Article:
During the New Kingdom of Egypt (from 1552 through 1069 B.C.), there came a sweeping change in the religious structure of the ancient Egyptian civilization. "The Hymn to the Aten" was created by Amenhotep IV, who ruled from 1369 to 1353 B.C., and began a move toward a monotheist culture instead of the polytheist religion which Egypt had experienced for the many hundreds of years prior to the introduction of this new idea. There was much that was different from the old views in "The Hymn to the Aten", and it offered a new outlook on the Egyptian ways of life by providing a complete break with the traditions which Egypt held to with great respect. Yet at the same time, there were many commonalties between these new ideas and the old views of the Egyptian world. Although through the duration of his reign, Amenhotep IV introduced a great many changes to the Egyptian religion along with "The Hymn", none of these reforms outlived their creator, mostly due to the massive forces placed on his successor, Tutankhamen, to renounce these new reforms. However, the significance of Amenhotep IV, or Akhenaten as he later changed his name to, is found in "The Hymn". "The Hymn" itself can be looked at as a contradiction of ideas; it must be looked at in relation to both the Old Kingdom's belief of steadfast and static values, as well as in regards to the changes of the Middle Kingdom, which saw unprecedented expansionistic and individualistic oriented reforms. In this paper I plan to discuss the evolvement of Egyptian Religious Beliefs throughout the Old,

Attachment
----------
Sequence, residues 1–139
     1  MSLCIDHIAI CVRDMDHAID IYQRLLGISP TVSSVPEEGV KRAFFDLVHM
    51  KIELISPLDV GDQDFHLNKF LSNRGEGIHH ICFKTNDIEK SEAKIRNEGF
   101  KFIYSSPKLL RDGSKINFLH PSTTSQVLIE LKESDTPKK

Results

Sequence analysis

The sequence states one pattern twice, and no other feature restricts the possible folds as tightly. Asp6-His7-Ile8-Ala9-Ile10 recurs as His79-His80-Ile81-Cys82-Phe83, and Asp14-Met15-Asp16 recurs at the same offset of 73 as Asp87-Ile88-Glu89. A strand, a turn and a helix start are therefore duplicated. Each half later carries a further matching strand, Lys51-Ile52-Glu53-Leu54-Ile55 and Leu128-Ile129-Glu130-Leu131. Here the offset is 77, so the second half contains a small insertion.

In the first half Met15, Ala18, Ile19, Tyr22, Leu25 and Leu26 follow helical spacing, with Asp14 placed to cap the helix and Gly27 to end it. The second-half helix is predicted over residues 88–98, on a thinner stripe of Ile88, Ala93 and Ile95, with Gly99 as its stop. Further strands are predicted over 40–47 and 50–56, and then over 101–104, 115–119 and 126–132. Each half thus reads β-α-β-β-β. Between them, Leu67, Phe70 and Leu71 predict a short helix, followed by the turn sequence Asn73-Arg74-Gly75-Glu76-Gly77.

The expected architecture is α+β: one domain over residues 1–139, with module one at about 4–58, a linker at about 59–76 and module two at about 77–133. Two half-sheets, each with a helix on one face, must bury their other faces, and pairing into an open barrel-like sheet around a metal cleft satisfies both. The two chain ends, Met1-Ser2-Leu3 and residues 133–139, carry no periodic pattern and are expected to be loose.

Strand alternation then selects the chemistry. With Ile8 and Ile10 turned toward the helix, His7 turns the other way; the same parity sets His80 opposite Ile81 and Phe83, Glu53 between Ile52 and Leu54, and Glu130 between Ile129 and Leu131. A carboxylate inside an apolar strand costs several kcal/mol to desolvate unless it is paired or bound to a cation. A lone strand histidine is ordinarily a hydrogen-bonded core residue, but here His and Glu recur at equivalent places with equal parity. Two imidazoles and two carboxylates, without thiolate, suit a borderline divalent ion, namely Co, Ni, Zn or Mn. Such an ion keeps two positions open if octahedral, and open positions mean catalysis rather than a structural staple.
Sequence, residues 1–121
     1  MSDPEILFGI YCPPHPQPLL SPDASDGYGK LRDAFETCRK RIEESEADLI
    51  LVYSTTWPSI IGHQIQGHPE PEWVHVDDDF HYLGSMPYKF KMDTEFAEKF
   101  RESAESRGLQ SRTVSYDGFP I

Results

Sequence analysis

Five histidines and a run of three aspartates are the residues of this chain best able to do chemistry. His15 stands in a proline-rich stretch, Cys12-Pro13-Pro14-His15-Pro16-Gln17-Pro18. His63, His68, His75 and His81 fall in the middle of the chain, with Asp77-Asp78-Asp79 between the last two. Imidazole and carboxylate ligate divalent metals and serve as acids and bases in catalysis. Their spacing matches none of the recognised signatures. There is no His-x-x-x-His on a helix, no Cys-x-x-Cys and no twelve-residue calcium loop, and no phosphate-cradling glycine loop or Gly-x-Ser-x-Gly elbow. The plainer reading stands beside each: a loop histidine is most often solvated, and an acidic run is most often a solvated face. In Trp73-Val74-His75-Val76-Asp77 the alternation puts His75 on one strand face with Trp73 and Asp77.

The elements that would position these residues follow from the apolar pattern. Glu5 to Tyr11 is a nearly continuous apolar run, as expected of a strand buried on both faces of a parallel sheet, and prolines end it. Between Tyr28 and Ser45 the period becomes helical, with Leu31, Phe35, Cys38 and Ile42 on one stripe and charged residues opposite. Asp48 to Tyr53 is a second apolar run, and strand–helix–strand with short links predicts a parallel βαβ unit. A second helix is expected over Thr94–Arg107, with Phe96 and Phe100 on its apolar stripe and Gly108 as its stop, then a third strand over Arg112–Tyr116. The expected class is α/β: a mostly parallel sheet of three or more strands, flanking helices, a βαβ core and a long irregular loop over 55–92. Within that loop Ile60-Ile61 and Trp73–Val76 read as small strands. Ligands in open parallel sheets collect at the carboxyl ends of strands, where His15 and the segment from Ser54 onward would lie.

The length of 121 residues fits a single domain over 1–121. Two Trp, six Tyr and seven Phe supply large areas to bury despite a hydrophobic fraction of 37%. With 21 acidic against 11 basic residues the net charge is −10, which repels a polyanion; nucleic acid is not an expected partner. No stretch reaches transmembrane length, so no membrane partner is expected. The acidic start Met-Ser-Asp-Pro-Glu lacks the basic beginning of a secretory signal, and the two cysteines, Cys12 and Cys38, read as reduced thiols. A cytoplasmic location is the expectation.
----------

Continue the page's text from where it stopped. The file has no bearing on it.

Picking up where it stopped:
Middle, and New Kingdoms and analyze why Amenhotep IV may have brought about such religious reforms.
The Old Kingdom of Egypt (from 2700 to 2200 B.C.), saw the commencement of many of the rigid, formal beliefs of the Egyptian civilization, both in regards to their religious and political beliefs, as they were very closely intertwined. "... There was a determined attempt to impose order on the multitude of gods and religious beliefs that had existed since predynastic times... and the sun-god Re became the supreme royal god, with the ki...
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...oyal couple changed their names to Tutankhamen, demonstrating their renewed allegiance to Amen-Re. The king restored the old temples of the many gods, and reinstated the priesthoods" (David 158). The reforms, which Akhenaten brought to return the power once held by the Pharaoh in the Old Kingdom, were unable to be understood. The people who Akhenaten had to ensure comprehension of his reasoning did not, for they no longer were connected to the old order which he was trying to reestablish.
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Montet, Pierre. Lives of the Pharaohs. Cleveland: World Publishing Company, 1968.
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